I'll be interested to see how this proceeds!

Rensslaer
 

Maximilliano

The Quixotic Emperor of Mexico
3 Badges
Jun 30, 2005
597
0
  • Europa Universalis III
  • 500k Club
el presidentse said:
The history of the Napoleonic Wars is well-known and need not be related here. Upon its final victory over the armies of Napoleon at Eindhoven in 1816...
haha of course... Waterloo is just a small town in Belgium known for its bottled water
 

unmerged(17581)

AARlander
Jun 12, 2003
8.591
8
Visit site
An interesting alternate history!
 

coz1

GunslingAAR
29 Badges
May 16, 2002
13.593
134
hearthehurd.typepad.com
  • Victoria: Revolutions
  • Crusader Kings III
  • Imperator: Rome
  • Imperator: Rome Deluxe Edition
  • Crusader Kings II: Holy Fury
  • Crusader Kings II: Jade Dragon
  • PDXCon 2017 Awards Winner
  • Crusader Kings II: Monks and Mystics
  • Crusader Kings II: Reapers Due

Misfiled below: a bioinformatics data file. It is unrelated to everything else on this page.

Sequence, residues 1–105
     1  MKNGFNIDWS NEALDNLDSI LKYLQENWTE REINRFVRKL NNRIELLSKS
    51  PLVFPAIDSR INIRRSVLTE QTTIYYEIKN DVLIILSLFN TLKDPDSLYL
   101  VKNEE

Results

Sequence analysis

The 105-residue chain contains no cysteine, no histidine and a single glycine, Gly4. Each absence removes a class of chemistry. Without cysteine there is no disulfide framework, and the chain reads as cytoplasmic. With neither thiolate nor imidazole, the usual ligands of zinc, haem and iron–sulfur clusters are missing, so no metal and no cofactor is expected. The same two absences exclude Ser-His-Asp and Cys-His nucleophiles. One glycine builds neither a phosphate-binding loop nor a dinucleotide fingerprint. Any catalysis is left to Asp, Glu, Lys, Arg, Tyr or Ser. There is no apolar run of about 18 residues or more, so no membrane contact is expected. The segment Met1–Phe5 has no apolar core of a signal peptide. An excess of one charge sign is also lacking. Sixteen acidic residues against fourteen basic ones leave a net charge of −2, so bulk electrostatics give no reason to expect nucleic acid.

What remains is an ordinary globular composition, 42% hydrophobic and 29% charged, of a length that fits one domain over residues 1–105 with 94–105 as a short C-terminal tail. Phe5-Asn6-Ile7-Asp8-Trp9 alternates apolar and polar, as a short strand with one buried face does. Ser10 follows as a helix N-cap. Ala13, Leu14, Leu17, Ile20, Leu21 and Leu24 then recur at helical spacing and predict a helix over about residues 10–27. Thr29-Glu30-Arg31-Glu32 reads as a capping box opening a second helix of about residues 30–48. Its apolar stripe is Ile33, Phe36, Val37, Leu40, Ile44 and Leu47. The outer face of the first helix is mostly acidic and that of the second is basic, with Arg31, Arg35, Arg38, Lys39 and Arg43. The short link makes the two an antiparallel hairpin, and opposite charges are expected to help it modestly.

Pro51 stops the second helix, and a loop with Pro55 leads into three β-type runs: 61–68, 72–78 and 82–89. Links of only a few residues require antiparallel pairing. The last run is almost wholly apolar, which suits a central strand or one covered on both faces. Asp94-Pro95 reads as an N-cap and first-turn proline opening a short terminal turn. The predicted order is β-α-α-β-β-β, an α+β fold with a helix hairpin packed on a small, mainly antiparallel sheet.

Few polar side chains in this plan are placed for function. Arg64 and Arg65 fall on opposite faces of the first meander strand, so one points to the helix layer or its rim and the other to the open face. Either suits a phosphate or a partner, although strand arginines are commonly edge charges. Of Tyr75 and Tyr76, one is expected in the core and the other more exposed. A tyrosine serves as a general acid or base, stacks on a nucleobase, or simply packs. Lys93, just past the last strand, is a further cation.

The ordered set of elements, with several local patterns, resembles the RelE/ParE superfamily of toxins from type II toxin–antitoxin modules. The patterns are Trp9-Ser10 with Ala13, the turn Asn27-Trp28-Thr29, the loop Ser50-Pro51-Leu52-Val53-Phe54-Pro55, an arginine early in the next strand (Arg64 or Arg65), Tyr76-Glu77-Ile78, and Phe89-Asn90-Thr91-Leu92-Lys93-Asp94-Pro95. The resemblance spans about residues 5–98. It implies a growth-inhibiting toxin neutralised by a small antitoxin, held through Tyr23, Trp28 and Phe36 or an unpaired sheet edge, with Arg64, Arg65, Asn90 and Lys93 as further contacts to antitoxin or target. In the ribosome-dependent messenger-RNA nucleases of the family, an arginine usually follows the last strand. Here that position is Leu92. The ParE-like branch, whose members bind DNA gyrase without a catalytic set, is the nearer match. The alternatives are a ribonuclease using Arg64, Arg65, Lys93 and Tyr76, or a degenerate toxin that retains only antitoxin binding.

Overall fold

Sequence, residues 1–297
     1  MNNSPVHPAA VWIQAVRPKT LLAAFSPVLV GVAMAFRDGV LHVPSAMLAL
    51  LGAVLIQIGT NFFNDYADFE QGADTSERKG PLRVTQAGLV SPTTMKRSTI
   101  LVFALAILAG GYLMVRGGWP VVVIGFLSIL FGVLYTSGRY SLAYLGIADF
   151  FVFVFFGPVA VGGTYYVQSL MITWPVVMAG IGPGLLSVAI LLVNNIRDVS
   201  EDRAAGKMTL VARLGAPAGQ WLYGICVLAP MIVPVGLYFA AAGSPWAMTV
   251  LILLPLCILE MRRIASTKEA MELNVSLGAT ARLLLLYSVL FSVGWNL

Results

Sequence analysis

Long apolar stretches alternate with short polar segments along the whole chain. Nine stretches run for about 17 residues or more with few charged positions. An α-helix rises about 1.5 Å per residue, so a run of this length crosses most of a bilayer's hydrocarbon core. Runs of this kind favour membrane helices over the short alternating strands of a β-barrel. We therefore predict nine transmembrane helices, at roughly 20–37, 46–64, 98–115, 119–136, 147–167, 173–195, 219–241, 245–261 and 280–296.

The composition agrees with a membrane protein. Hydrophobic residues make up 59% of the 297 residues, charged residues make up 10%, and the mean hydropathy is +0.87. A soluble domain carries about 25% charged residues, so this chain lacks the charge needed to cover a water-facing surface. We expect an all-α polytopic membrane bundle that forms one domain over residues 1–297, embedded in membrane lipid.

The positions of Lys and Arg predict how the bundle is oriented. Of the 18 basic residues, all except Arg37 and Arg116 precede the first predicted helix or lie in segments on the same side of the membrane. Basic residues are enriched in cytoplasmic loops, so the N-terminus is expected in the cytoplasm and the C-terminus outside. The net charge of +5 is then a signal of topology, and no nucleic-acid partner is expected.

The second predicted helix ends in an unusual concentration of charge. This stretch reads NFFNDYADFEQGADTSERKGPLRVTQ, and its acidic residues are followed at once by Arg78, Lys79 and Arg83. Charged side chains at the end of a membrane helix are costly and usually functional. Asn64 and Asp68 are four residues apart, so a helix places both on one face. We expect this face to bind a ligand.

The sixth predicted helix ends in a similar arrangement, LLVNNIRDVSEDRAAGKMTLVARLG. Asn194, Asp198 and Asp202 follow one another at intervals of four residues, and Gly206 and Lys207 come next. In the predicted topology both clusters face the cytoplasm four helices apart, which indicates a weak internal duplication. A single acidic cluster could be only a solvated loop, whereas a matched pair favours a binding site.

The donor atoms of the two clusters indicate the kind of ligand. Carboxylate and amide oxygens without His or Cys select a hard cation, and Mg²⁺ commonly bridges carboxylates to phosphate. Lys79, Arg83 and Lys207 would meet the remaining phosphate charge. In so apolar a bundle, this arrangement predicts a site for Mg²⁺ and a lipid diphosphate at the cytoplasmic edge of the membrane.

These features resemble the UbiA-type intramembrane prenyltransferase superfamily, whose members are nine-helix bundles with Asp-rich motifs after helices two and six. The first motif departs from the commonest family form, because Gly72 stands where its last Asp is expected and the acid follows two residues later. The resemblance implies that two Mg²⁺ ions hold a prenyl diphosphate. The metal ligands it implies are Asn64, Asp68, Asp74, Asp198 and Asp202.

• Crusader Kings II: Conclave
  • Europa Universalis: Rome Collectors Edition
  • Europa Universalis III: Collection
  • 500k Club
  • 200k Club
  • Europa Universalis: Rome
  • Europa Universalis III Complete
  • For The Glory
  • Europa Universalis III
  • Deus Vult
  • Crusader Kings II: Sword of Islam
  • Crusader Kings II: Sunset Invasion
  • Crusader Kings II: Sons of Abraham
  • Crusader Kings II: The Republic
  • Crusader Kings II: Rajas of India
  • Crusader Kings II: The Old Gods
  • Crusader Kings II: Legacy of Rome
  • Crusader Kings II: Charlemagne
  • Crusader Kings II
This is certainly a different Persia from the ones we have read about in the past. Good luck and I'll be reading with interest.
 

Rensslaer

Strategy GuidAAR
25 Badges
Jun 24, 2004
7.720
2
www.orinthia.net
  • 500k Club